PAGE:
Wednesday 17 October 2018, 3.30PM to 6.30pm
This autumn, the History of Art department and the Centre for Modern Studies at the University of York will stage a Circumpolar art history workshop, with papers addressing various aspects across the time and space of the Circumpolar region. Papers are likely to include research on Inuit art, and the art of Scandinavia, Canada, North America, and the UK. In the 21st century the arctic and polar landscape dominates the news, thanks to climate change and global warming; however, in the period from 1850-1940 the race for the north and south poles captivated the imaginations of millions and spawned generations of polar explorers. With these two moments in mind, what we vitally need is a genealogy of the visual culture surrounding the polar landscape. The papers featured within this workshop will bridge the disciplines of art history, interdisciplinary polar studies, visual culture studies, archaeology, and anthropology.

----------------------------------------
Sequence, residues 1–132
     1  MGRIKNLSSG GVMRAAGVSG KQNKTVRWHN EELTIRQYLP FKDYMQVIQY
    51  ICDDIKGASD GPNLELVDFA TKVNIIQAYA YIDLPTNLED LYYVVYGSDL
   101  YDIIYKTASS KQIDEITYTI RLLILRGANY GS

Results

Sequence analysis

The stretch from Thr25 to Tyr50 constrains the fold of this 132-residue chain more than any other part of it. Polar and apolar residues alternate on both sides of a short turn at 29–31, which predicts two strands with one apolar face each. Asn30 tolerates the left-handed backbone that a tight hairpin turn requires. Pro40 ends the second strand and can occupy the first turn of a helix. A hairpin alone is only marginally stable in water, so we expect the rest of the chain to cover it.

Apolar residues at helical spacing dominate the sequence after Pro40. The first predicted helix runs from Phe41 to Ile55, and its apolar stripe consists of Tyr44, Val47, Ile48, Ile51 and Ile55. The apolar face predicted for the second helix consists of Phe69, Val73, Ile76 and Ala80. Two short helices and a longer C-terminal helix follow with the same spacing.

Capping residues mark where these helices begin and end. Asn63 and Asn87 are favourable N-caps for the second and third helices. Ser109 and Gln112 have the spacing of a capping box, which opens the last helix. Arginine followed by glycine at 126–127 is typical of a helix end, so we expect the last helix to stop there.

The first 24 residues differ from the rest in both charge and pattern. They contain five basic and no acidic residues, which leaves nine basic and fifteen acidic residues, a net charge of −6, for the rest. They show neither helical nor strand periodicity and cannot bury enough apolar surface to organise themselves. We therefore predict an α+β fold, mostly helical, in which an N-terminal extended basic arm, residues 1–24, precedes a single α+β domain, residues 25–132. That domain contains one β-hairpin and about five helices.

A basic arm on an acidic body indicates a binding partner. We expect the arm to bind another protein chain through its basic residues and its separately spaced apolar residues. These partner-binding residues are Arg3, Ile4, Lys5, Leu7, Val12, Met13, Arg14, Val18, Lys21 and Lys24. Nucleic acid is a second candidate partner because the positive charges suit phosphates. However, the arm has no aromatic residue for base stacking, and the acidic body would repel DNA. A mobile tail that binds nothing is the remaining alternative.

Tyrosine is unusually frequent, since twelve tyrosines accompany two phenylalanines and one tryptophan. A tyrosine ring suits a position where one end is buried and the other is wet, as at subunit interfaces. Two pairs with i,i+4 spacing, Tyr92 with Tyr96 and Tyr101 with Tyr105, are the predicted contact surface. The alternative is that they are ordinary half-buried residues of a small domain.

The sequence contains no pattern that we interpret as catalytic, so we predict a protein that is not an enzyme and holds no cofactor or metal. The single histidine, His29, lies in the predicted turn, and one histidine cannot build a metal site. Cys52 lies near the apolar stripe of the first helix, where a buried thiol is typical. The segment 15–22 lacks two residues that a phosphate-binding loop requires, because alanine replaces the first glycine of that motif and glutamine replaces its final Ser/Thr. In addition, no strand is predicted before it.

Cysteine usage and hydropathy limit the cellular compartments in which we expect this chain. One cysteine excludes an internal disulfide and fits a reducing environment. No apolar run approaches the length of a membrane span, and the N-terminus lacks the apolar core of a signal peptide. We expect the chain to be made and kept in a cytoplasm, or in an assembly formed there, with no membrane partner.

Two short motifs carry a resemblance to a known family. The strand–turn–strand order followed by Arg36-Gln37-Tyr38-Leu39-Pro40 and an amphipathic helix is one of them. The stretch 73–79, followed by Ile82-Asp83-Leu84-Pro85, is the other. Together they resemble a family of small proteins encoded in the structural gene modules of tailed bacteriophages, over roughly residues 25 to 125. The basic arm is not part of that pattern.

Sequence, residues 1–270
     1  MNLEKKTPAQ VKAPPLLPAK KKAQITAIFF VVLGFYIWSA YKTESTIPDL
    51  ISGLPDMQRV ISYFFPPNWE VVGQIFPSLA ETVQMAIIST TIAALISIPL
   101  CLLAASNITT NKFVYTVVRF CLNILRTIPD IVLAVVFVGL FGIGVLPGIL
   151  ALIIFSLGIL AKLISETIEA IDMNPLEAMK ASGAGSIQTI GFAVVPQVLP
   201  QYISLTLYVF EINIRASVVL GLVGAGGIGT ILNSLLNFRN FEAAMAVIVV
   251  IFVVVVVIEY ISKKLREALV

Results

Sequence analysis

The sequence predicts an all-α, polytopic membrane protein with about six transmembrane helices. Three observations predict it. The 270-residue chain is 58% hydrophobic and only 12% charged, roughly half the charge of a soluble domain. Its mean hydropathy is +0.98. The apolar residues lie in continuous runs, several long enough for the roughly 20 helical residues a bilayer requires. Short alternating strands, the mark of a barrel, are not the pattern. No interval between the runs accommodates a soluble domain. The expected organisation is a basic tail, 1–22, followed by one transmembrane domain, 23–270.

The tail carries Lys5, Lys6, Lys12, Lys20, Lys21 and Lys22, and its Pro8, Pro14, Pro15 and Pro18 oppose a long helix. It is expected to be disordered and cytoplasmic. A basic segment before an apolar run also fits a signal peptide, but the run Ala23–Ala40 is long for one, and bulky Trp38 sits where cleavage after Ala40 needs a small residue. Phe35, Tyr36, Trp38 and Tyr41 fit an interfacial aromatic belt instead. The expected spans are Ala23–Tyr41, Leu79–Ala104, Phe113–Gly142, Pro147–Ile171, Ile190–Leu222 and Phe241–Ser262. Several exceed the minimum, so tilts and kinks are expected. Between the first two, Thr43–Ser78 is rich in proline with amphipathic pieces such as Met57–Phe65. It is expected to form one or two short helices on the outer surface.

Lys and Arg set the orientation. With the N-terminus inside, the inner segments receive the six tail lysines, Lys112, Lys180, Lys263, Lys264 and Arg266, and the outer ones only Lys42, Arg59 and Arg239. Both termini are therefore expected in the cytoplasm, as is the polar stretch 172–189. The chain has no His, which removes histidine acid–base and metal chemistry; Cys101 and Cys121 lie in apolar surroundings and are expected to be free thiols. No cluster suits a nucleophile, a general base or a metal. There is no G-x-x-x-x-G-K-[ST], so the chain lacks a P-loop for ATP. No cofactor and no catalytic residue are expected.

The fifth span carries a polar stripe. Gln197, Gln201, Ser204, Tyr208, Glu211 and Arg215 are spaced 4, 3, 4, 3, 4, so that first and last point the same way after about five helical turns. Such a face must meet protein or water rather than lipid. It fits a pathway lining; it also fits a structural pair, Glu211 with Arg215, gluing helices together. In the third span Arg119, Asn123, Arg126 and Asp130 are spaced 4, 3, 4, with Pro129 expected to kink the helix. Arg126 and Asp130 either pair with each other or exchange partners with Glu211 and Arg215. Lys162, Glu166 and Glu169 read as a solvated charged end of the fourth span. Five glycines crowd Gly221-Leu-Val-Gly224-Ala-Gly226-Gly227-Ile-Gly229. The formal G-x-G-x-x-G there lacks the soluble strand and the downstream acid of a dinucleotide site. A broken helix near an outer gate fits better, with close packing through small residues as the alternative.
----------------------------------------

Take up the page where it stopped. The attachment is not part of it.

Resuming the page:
The informal, question-posing symposia will present new research from established scholars and doctoral candidates, giving short position papers of no more than fifteen minutes, to maximise the time for discussion. With a line-up that includes Professor Michael Hatt (University of Warwick), Professor David Jackson (University of Leeds) and Professor Jason Edwards (University of York), alongside Dr Meg Boulton (University of Leeds), Martha Cattell (PhD Candidate, York), and Isabelle Gapp (PhD Candidate, York), – this event seeks to open up discussion onto what a Circumpolar art history might look like in the early 21st century.
This is a free event, but we ask that you please register if you wish to attend, as numbers are limited. For more information and to register please email Isabelle Gapp, firstname.lastname@example.org
Location: Berrick Saul Building BS/007 (The Jane Moody Boardroom)